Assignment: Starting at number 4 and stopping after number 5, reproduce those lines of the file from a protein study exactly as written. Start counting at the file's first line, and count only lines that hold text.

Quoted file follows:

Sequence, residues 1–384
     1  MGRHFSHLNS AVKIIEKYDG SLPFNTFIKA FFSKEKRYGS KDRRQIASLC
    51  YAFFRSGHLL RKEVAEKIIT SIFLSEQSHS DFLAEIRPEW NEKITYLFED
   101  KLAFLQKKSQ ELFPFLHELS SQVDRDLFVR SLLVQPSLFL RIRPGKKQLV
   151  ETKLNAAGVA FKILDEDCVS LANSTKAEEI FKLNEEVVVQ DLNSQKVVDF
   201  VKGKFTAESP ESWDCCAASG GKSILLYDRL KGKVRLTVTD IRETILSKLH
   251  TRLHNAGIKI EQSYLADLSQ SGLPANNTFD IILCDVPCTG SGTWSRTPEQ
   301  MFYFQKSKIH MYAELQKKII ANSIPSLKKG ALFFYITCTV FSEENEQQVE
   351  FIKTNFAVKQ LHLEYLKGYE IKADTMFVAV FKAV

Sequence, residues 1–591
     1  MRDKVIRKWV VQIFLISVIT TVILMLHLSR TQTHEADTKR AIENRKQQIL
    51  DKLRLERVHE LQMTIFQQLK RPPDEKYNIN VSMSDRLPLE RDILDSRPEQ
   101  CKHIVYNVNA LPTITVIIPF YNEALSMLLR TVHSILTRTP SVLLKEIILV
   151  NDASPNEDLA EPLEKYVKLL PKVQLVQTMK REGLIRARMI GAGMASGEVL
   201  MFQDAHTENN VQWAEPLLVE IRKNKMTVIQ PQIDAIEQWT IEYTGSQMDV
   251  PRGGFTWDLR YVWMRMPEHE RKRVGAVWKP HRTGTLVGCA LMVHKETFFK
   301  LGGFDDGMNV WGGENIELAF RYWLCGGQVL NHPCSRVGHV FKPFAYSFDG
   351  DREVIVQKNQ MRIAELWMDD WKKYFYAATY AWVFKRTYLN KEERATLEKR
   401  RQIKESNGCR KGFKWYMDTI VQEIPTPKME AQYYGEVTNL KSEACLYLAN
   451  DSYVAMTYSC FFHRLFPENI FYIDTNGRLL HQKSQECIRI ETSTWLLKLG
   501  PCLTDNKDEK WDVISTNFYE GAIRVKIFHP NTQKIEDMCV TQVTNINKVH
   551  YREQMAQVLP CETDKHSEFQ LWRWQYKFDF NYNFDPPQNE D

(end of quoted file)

   101  KLAFLQKKSQ ELFPFLHELS SQVDRDLFVR SLLVQPSLFL RIRPGKKQLV
   151  ETKLNAAGVA FKILDEDCVS LANSTKAEEI FKLNEEVVVQ DLNSQKVVDF